Saturday, February 25, 2006 02/28/06-Aristotle and T.S. Eliot

In today's excerpt, T.S. Eliot comments on Aristotle. Eliot, one of the towering poets and literary critics of the 20th century, is discussing the nature of Aristotle's genius in his article 'The Perfect Critic'. The importance of the statement here is his assertion that great analysis is not the outcome of some repeatable process or method, but instead comes from intelligence alone:

"Aristotle is a person who has suffered from the adherence of persons who must be regarded less as his disciples than as his sectaries. One must be firmly distrustful of accepting Aristotle in a canonical spirit; this is to lose the whole living force of him. He was primarily a man of not only remarkable but universal intelligence... his short and broken treatise he provides an eternal example--not of laws, or even of method, for there is no method except to be very intelligent, but of intelligence itself swiftly operating the analysis of sensation to the point of principle and definition."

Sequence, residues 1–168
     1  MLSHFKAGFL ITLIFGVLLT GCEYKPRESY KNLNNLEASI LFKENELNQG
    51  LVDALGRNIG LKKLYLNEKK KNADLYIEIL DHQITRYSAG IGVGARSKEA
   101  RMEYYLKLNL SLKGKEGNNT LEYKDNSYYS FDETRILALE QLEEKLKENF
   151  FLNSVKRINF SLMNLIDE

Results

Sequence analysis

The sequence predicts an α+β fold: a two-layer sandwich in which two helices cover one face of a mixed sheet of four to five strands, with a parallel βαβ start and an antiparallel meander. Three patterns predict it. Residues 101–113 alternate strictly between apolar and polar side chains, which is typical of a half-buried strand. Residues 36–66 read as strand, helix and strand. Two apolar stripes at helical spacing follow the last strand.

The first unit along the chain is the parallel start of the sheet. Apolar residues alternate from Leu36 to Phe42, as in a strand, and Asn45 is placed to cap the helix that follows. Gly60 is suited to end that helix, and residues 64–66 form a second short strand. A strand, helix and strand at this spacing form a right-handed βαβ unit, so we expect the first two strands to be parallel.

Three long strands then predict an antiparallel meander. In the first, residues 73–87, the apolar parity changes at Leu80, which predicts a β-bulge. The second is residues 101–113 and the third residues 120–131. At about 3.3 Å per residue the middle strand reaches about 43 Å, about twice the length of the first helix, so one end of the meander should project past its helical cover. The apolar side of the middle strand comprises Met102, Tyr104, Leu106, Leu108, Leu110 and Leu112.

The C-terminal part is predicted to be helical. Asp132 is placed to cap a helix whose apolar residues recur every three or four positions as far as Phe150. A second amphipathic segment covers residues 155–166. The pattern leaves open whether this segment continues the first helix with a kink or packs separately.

T.S. Eliot, The Sacred Wood, University, 1920, pp. 10-1


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